There was not an official touchdown signal because referee Fred Swearingen had no idea what had happened. In 1972, the rules stated that a forward pass that hit one offensive player and was caught by another offensive player without touching a defender was an incomplete pass. But two officials told Swearingen they thought the ball had touched both Fuqua and Tatum.

Swearingen went into one of the baseball dugouts to phone upstairs to director of officials Art McNally who was present at the game. He explained what umpire Pat Harder and field judge Adrian Burk saw, said he was going to call it a touchdown, and McNally agreed.

Swearingen then emerged from the dugout, threw his arms in the air, and all bedlam broke out at Three Rivers.

Raiders coach John Madden was in a state of disbelief, waving his arms every which way, refusing to accept the decision. “Tomorrow morning when I wake up and read it in the paper, I still won’t believe it,” he said.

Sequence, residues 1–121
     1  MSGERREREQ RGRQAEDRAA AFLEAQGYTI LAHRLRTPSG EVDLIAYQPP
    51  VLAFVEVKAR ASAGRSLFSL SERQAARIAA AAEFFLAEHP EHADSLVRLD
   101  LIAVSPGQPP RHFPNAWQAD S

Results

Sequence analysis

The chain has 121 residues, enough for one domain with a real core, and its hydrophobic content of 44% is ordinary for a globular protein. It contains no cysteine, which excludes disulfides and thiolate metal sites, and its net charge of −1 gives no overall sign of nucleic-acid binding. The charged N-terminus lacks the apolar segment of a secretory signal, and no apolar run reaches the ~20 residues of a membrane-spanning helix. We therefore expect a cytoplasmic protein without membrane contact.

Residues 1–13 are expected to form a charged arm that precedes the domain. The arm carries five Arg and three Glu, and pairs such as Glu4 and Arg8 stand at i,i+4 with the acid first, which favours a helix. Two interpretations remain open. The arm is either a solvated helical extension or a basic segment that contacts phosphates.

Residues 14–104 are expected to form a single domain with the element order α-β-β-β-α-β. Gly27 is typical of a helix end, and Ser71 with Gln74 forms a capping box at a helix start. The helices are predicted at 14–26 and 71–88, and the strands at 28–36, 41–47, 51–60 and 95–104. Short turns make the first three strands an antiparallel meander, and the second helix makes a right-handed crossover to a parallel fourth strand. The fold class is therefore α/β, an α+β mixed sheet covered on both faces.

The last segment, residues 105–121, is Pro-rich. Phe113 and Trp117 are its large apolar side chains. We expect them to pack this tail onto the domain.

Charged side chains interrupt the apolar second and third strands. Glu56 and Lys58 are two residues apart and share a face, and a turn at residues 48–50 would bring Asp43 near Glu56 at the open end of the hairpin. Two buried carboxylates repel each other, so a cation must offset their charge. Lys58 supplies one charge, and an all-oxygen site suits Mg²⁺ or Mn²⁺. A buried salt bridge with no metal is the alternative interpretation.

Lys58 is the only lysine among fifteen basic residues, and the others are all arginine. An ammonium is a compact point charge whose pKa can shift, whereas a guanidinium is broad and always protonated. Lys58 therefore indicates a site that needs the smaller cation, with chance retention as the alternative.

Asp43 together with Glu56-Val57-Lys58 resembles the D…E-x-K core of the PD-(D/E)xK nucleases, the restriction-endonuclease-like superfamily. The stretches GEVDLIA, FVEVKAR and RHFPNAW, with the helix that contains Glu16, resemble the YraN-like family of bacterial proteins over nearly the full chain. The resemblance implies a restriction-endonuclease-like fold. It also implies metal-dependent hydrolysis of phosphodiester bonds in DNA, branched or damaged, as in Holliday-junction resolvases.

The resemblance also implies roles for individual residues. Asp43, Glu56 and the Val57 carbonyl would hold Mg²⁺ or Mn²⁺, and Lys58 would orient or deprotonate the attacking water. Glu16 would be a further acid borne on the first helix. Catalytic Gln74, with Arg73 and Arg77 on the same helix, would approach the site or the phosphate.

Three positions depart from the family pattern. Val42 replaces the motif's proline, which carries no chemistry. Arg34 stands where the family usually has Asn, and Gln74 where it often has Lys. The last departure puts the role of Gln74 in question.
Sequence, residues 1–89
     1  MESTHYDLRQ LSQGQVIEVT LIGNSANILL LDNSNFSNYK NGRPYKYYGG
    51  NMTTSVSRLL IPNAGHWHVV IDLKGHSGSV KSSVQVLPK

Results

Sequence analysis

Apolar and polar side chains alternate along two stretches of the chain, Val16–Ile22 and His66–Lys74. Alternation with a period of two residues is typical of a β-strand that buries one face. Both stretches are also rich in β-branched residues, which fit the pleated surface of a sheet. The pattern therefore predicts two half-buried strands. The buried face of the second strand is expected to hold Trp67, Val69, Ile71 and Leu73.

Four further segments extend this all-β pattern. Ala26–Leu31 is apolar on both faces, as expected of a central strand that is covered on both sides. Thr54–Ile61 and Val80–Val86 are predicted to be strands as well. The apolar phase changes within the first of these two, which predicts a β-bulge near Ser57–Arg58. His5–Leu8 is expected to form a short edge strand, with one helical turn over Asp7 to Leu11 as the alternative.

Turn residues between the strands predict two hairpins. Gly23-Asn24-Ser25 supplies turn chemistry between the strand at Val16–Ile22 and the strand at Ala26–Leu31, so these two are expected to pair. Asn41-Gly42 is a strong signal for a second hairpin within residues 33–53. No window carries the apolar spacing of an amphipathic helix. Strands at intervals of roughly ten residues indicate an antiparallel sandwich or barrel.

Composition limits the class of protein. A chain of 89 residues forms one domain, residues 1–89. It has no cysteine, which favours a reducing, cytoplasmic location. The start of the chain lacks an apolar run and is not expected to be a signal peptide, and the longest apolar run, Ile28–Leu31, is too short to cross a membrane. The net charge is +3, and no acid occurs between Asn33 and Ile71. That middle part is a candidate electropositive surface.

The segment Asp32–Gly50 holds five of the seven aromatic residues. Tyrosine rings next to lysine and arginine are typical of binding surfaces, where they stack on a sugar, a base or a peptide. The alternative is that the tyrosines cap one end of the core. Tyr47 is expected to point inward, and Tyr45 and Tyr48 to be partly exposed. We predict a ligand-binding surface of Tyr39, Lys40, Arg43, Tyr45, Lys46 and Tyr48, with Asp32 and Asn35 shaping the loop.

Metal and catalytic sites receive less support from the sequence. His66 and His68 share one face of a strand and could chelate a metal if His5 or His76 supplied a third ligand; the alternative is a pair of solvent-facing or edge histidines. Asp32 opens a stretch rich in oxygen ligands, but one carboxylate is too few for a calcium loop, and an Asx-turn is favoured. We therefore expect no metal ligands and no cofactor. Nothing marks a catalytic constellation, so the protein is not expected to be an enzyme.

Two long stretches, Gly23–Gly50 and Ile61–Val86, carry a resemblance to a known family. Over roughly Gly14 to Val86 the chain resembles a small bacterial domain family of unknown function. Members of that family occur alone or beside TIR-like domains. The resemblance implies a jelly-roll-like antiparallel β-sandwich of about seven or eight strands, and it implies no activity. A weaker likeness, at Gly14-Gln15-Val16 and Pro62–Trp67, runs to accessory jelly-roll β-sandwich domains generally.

Meanwhile, the Steelers were going to win their first playoff game in their 40-year history, 13-7.

“It’s easy to say we didn’t deserve to lose after we played so well,” Rooney said. “It’s easy to feel selfish or sorry for yourself. But those players and those fans, they deserved to win that game. They really did.”

In the locker room after the game, Fuqua refused to shed any light on what really happened, and 26 years after the fact, he still won’t.

“Only I know what happened,” he said. “Physicists and mathematicians can only guess how the ball could have bounced that far back. I’ve never told. Someday, I will, but for now, it’s Frenchy’s little secret. I put the answer in a time capsule.”

Said Tatum: “It hit Frenchy and he knows it.”

The Steelers went on to lose the AFC Championship Game to the unbeaten Miami Dolphins, 21-17, but their victory over the Raiders will never be forgotten.

“That wasn’t fate or luck or football,” said Art Rooney Jr. of the Immaculate Reception. “That was my father’s 70 years of good Christian living.”